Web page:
Australia has the highest percentage of globally ranked universities in the world. Why? What are the implications?
There is a well-known “magic formula” that goes along the following lines:
Revenues from international education contribute to building scale in research through income to recruit eminent staff to undertake high-quality research and purchase necessary buildings and facilities to deliver additional research outcomes, which will lift status in global rankings, attract more international students, and so on.
Of course, research-intensive universities seek high rankings for strategic objectives concerning visibility and recognition to drive international research and industry investment and collaborations.
For most universities, however, the point of rankings is to drive international student recruitment to generate revenue streams that underwrite domestic employee benefits for teaching and research, investment in property, plant and equipment, and purchase of financial assets.
Australia has the highest proportion of Times Higher Education (THE) ranked universities in the world. Table 1 shows that 84% of Australian universities are ranked, compared to 78% in the UK, 13% in Germany, 4% in the US, and 3% in China.
Table 1: Global rankings for Australian universities in comparison to other countries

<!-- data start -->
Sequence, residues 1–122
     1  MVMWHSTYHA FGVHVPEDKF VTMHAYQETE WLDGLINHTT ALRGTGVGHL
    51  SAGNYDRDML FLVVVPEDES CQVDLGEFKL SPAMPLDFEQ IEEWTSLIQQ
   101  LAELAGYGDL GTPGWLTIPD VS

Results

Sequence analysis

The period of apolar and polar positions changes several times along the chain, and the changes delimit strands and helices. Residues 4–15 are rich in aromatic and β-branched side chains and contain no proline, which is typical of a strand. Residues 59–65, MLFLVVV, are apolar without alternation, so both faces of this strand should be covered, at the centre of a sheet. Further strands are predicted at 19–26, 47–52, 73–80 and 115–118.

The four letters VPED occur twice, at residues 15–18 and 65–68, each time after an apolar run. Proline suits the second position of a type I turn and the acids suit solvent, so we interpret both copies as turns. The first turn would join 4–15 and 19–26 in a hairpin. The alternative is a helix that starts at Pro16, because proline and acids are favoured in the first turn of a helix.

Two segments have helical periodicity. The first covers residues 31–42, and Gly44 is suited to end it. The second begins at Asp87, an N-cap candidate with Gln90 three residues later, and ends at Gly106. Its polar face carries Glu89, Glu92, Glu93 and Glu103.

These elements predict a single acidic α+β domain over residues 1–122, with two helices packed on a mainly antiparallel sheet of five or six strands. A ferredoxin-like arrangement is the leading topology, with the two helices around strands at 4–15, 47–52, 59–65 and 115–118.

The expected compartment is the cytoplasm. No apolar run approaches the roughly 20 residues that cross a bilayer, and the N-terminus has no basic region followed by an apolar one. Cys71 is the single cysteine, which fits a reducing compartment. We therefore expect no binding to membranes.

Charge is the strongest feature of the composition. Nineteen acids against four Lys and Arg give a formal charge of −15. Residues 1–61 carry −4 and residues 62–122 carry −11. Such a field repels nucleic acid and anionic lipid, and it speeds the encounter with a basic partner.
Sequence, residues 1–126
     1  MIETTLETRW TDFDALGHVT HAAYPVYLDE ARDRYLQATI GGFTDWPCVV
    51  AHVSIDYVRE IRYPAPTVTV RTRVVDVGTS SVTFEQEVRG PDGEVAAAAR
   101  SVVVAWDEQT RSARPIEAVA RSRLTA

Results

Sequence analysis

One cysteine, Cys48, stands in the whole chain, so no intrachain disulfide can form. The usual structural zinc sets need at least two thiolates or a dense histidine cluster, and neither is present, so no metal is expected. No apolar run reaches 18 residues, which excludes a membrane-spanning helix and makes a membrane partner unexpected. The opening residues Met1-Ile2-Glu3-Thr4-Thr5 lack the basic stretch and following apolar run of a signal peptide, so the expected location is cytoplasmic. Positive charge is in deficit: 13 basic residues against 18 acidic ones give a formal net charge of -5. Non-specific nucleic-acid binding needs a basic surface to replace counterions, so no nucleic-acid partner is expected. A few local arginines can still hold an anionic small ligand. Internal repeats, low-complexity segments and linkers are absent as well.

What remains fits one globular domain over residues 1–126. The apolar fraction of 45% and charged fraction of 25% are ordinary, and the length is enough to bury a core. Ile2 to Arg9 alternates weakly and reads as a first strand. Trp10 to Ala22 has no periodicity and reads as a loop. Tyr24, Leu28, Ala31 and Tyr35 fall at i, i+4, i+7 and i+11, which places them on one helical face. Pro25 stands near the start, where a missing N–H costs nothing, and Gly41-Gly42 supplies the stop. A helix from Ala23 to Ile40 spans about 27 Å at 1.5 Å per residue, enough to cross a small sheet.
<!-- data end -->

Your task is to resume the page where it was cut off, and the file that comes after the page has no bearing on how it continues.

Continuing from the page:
|No in top 10||–||2||8||–||–||–||–||–||–|
|No. of universities||44||130||4,298||103||380||795||2,688||203||n/a|
|Per cent in top 10||0%||2%||4%||0%||0%||0||0%||0%||0%|
|Per cent 11-100||16%||9%||16%||17%||15%||2%||7%||6%||7%|
|Per cent 101-250||30%||23%||19%||17%||35%||1%||1%||15%||7%|
|Per cent 251-500||30%||26%||27%||27%||31%||6%||16%||9%||24%|
|Per cent 501+||24%||41%||34%||40%||15%||91%||76%||79%||59%|
Australia has 17 universities within the 1-250 band, compared to 35 for the UK, 72 in the US, 10 in Canada, 24 in Germany, three in Japan, seven in China, seven in South Korea, and six in France. There are no Australian universities in the top 10; they come from the US and the UK,
But it can be asked, what’s the point of rankings anyway, when Germany doesn’t care about them and focuses instead on publicly funded higher education to produce good graduates and relevant industry research? This approach plays into the rationale for greater public funding for higher education.
There are many ranking systems, with some placing more emphasis on a particular metric than others. However, the results in terms of placement in a particular ranking range do not differ markedly. The Times Higher Education (THE) system was selected for detailed analysis in this paper.
Under the THE ranking system, teaching, citations, and research metrics each contribute 30 per cent to the total ranking score, industry income contributes 2.5%, and international outlook contributes 7.5% (international students, 2.5%, proportion of international staff, 2.5%, and international collaboration, 2.5%).
The reality is that Australia’s high place in THE global university rankings is essentially driven by the citation metric, offsetting low scores in the teaching and research metrics. Because of Australia’s very high international student intake, it also scores well in international outlook metric. In other words, many Australian universities are chasing rankings through citations rather than research or teaching.
Why do citations matter?
Citations are an easy target. They can be driven by recruiting staff with solid track records for publishing in highly ranked international journals and incentivising staff to deliver publication output. The mantra publish or perish is alive and well.
Does size matter?